   Surgical intervention
                     –   Reattachment of retina
Parts of the Ear

                      The Ear, housed in the Temporal Bone, has 3
                      A. External ear
                         –   Includes the Pinna, the external flap of
                         –   and External Auditory Meatus (ear canal)
                      B. Middle ear
                         –   Includes the Tympanic membrane (ear
                         –   Bony ossicles (3 tiny bones)
                                 Malleus
                                 Incus
                                 Stapes
                         –   Eustachian Tube which connects to the
                      Inner ear
                         –   Cochlea (snail-looking organ) that
                             features the Organs of Corti
                         –   Semicircular canals
                                 Balance and equilibrium
The Pinna

               Also known as the
               It collects sound by
                acting as a funnel to
                send it to the ear canal.
               Major parts
                –   Helix- outer ridge
                –   Lobule- lower part

   Known as the tympanic
   Border between the
    outer ear and the
    middle ear.
   Amplified sound hits the
    drum which stimulates
    the malleus bone
    (which is on the other
    side of the drum)
Ear Canal

   Also known as External
    Auditory Meatus (EAM)
   Ear canal is lined with wax
    called Cerumen. It:
    –   Protects the lining of the ear canal
    –   Provides lubrication
    –   Excess cerumen may lead to
        impaired hearing and increase ear
   The EAM ends at ear drum.
        The Ossicles “tiny bones”

   3 small bones
    –   When sound hits the eardrum, it
        vibrates which causes the
        malleus to move.
    –   The 1) Malleus then hits the 2)
    –   The Incus hits the 3) Stapes
    –   The Stapes hits the Oval
        Window of the Cochlea.
            The Oval Window is the border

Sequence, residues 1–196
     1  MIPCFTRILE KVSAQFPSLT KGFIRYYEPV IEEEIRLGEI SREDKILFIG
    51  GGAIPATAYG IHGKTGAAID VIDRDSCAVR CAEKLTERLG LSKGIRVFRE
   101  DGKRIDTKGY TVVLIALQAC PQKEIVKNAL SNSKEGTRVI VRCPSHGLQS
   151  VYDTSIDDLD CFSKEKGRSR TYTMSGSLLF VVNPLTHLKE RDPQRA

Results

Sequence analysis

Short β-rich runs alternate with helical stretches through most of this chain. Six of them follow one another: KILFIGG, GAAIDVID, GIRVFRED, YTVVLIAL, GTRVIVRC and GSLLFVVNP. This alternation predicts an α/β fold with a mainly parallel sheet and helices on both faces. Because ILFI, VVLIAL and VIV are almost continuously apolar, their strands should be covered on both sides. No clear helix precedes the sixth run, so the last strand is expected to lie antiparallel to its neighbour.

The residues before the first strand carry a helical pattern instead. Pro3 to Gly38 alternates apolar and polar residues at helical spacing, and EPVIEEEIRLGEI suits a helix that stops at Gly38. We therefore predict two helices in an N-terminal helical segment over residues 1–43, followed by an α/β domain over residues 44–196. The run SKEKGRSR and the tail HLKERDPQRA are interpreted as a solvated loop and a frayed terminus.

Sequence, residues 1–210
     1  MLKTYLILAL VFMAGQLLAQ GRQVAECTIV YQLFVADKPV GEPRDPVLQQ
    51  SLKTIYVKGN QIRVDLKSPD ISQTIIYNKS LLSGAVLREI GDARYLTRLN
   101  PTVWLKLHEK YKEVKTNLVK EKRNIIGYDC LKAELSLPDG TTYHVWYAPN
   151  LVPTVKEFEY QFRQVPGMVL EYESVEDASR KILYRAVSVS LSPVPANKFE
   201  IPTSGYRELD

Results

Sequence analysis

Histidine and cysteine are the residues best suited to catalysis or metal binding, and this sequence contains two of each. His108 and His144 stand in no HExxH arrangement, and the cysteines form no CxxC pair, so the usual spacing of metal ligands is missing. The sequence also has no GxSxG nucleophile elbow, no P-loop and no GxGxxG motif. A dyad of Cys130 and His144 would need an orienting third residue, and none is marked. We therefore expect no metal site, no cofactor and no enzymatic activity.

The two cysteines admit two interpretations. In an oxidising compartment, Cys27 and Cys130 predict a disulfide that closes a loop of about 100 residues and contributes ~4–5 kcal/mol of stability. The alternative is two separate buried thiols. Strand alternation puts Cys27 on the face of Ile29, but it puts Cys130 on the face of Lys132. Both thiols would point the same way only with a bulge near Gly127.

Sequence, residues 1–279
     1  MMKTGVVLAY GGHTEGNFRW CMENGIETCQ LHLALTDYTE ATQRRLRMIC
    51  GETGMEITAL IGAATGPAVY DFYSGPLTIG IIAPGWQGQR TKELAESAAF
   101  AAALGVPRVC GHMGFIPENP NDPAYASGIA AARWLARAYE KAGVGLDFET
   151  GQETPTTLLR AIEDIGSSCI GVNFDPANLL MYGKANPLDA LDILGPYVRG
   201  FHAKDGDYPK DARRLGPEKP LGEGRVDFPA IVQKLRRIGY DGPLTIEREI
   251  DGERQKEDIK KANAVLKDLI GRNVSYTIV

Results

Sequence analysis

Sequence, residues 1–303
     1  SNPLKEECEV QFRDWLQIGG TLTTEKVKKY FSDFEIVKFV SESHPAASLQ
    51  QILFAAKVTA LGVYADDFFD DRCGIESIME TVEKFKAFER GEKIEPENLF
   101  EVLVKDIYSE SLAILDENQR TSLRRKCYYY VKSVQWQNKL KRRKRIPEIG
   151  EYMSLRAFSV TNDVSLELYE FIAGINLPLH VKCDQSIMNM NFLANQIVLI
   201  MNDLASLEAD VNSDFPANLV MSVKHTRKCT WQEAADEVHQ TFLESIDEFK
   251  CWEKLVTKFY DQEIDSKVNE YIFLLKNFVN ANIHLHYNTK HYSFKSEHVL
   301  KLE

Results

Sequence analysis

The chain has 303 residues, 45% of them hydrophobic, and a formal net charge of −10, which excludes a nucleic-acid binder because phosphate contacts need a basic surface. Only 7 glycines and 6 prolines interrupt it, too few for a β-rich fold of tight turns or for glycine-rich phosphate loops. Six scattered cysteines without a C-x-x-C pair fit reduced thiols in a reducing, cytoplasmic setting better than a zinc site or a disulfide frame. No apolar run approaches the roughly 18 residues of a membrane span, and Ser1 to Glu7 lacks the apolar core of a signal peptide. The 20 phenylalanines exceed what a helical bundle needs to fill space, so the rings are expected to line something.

between the middle and inner
           Inner Ear (Known as the “labyrinth”)
   The Inner Ear (aka the labyrinth) is divided into 2
    pain parts
   1. Semicircular canals

     –   Organ responsible for maintaining balance
     –   Canals full of fluid called endolymph and little
         “hair cells”
     –   Movement in the head causes the fluid to “hit”
         the hair cells which sends impulses through
         the Vestibule nerve of Cranial Nerve 8
         (Vestibulocochlear) to the cerebellum for
   2. Cochlea
     –   Snail-like organ that is responsible for hearing
     –   Cochlea is full of endolymph and specialized
         hair cells called the Organ of Corti, the
         parenchyma cells responsible for hearing.
     –   They turn sound waves into nerve impulses
         and they in turn are sent through the Cochlear
         nerve of Cranial Nerve 8 nerve to the temporal
         lobe for processing.
Pathway of Sound

                  Sound waves enter the external ear
                  Vibration of the tympanic membrane
                   causes the ossicles to vibrate.
                  Motion of stapes against oval window of
                   cochlea initiates movement of the
                   endolymph fluid.
                     –   Stimulation of hair cells in organ of
                     –   Initiation of nerve impulses
                  Impulses conducted to the auditory area
                   in the temporal lobe of cerebral cortex for
                   interpretation of sound
Hearing Loss

                  Two types
                    –  1. Blockage
                           Sound is blocked in the
                            external ear or middle ear
                           Accumulation of wax, foreign
                            object, scar tissue
                           Otosclerosis (hardening) of the
                    –  2. Sensorineural impairment
                           Damage to the organ of Corti
                            or auditory nerve
                           Infection
                           Head trauma